October 6, 2014

Jennifer Cramblett, a 36-year-old woman from Uniontown, Ohio, filed suit Sept. 29 against Chicago-area Midwest Sperm Bank because the clinic artificially inseminated and impregnated her with the wrong sperm. Cramblett claimed she and her partner Amanda chose a “blond hair, blue-eyed individual” so the child would closely resemble her partner, but instead, they got a mixed race baby they named Payton.

The couple found out about the mishap in April 2012, when Cramblett ordered more sperm from the donor they had chosen, for a second child they intended to have. It was then that Cramblett realized there was a mix-up. Not long after, the sperm bank confessed she was impregnated with the wrong donor’s sperm.

In her lawsuit, Cramblett claims she lives with “fears, anxieties and uncertainty” about Payton’s future in their all white racially intolerant Union-Town Ohio, and raising Payton in her own family, which she claims lacks cultural competence about African-Americans.

Cramblett has filed a wrongful birth suit and is seeking more than $50,000 including other damages for “personal injuries, medical expense, pain, suffering, emotional distress and other economic and non-economic issues, that may arise in the future.

Since you know some facts about baby Payton, the concern here is mainly on the meaning of wrongful birth and how our legal system deals with the issues of damages in a wrongful birth suit.

The wrongful birth cause of action is a unique phenomenon. Although it involves an allegation of medical malpractice, it is not as in most medical malpractice cases arising from physical injury. A wrongful birth action is instead, based on a negligent invasion of the parental right to decide whether to forgo the birth of a child with defect.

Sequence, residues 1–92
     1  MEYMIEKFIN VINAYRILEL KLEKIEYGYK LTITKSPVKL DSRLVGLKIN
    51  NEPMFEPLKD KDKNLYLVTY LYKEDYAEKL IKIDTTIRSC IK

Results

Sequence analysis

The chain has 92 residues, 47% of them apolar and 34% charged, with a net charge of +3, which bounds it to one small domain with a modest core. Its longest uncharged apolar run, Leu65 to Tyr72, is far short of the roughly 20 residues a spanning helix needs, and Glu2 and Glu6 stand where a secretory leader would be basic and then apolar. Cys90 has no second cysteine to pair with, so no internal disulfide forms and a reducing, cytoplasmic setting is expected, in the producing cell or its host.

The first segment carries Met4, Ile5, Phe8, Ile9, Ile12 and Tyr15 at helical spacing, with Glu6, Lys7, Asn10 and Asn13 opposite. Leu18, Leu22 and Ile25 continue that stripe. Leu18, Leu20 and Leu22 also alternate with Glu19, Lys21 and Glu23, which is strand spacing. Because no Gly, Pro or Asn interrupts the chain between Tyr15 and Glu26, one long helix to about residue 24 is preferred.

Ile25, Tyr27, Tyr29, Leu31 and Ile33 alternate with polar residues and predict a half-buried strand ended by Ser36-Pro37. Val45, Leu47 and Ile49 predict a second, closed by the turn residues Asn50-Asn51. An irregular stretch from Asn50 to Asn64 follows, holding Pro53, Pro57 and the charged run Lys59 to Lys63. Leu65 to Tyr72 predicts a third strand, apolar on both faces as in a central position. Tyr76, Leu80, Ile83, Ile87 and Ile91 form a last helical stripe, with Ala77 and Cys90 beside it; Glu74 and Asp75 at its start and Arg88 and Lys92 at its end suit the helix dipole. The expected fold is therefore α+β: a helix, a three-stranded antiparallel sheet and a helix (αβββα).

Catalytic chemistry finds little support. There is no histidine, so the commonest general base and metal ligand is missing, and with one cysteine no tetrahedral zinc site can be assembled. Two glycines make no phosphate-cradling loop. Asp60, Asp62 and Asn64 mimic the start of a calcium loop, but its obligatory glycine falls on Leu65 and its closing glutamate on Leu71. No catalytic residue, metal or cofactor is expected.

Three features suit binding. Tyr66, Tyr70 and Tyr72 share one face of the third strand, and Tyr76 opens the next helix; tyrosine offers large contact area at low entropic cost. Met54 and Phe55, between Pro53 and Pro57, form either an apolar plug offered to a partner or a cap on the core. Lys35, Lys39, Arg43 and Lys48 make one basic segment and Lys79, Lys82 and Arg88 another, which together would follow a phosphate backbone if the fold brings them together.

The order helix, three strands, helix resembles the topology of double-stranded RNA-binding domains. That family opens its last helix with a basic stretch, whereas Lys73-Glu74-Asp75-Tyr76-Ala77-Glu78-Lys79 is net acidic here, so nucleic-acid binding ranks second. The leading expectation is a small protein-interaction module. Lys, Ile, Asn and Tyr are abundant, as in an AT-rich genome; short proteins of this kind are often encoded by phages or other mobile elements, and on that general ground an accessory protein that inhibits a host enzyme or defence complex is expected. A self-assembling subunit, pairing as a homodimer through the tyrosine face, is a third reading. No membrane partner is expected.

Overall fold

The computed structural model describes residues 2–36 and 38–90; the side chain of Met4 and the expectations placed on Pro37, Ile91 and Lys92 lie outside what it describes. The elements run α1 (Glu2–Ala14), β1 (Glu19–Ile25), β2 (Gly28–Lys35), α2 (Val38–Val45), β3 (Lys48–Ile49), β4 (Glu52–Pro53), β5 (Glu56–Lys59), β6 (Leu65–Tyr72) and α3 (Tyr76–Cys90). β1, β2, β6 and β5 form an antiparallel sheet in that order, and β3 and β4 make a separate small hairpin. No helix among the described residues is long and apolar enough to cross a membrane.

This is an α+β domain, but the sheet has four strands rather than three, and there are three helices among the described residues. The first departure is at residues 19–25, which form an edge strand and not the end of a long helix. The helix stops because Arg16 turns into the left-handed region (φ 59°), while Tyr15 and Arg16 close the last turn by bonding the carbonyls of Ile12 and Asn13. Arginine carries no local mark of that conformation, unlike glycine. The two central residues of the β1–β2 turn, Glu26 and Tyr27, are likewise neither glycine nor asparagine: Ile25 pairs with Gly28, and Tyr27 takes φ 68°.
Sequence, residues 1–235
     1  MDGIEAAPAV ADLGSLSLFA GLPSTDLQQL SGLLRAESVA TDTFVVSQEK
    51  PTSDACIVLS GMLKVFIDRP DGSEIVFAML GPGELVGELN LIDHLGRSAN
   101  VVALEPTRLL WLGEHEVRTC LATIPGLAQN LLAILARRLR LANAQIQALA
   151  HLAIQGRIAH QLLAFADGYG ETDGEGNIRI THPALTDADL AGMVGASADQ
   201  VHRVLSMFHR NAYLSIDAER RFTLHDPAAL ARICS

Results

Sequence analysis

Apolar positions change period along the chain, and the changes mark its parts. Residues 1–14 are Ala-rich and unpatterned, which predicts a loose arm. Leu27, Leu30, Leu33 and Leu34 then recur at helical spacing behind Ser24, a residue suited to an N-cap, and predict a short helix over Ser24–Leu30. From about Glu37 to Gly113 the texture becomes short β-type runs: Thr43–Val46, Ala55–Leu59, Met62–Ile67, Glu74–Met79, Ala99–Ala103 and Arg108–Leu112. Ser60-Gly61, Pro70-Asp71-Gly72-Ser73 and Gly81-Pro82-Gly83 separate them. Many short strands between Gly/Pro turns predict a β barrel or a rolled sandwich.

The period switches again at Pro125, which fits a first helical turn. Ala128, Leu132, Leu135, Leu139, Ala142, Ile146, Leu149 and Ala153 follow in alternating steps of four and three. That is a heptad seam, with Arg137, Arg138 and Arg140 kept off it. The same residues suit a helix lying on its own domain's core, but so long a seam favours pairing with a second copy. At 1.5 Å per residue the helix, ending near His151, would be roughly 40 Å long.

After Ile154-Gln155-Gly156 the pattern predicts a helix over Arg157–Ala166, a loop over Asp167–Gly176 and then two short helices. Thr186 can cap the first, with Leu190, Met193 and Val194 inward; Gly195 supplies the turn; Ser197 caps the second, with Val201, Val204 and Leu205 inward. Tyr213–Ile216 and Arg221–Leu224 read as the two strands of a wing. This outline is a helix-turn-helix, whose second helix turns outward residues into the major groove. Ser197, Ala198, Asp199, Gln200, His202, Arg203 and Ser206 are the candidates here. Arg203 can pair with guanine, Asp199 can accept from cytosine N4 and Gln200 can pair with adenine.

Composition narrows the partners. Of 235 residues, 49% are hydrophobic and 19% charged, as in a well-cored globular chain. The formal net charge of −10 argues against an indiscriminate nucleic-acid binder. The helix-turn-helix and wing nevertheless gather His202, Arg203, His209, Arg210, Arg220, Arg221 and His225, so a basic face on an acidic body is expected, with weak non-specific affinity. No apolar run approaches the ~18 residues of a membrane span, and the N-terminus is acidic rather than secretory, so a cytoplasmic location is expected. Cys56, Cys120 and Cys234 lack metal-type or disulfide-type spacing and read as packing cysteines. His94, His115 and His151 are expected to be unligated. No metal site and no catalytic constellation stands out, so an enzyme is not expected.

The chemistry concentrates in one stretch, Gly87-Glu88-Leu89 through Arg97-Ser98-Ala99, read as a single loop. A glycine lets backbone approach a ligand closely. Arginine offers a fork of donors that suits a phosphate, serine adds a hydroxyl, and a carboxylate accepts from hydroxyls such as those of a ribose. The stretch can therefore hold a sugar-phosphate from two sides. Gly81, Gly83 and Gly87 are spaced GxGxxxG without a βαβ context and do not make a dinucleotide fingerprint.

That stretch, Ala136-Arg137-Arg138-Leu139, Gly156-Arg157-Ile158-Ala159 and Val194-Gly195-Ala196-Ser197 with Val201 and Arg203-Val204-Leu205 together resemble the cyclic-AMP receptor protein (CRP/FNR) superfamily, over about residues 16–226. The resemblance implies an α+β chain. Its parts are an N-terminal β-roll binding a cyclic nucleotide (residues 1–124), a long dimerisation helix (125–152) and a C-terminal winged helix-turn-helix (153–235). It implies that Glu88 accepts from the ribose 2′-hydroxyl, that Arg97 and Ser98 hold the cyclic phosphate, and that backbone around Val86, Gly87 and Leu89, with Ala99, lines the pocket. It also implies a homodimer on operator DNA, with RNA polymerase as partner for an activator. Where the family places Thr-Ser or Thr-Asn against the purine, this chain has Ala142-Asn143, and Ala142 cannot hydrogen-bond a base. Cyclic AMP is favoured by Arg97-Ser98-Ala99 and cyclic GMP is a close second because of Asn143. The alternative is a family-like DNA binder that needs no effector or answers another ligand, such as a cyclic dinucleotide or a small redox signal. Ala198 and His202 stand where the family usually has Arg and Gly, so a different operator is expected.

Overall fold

It is a claim brought by the parents of a child born with severe defects against a physician who negligently fails to inform them, in a timely fashion, of the possibility that the mother will give birth to such a child, thereby preventing an informed decision as to whether to carry the child to term.

Considering definition of wrongful birth above, one would think Cramblett has no claim for wrongful birth since Payton was born without medical defects. She is a normal healthy child except for her mixed race so, why is Cramblett suing for wrongful birth?

The lawsuit in the Cramblett case was based on the tort theory of negligence. At common law, one who suffers injury to his person or property because of negligent act of another has a right of action in tort. To sustain an action for negligence, the plaintiff must show the existence of a duty, breach of duty, proximate cause and injury to the victim.

Cramblett claims negligence of the sperm bank in failing to exercise caution, while selecting the sperm required for conception is the reason she had a mixed race baby. There is no doubt the sperm bank had a duty of reasonable care, the relationship between Cramblett and the sperm bank with respect to the pregnancy, established the required duty of care in tort.

The sperm bank admitted there was a mistake when it chose the wrong sperm for the conception of Payton. Failure to choose the right sperm requested by Cramblett amounts to a breach of contract, which in legal terms is a breach of duty by the sperm bank, establishing this requisite element of a breach of duty.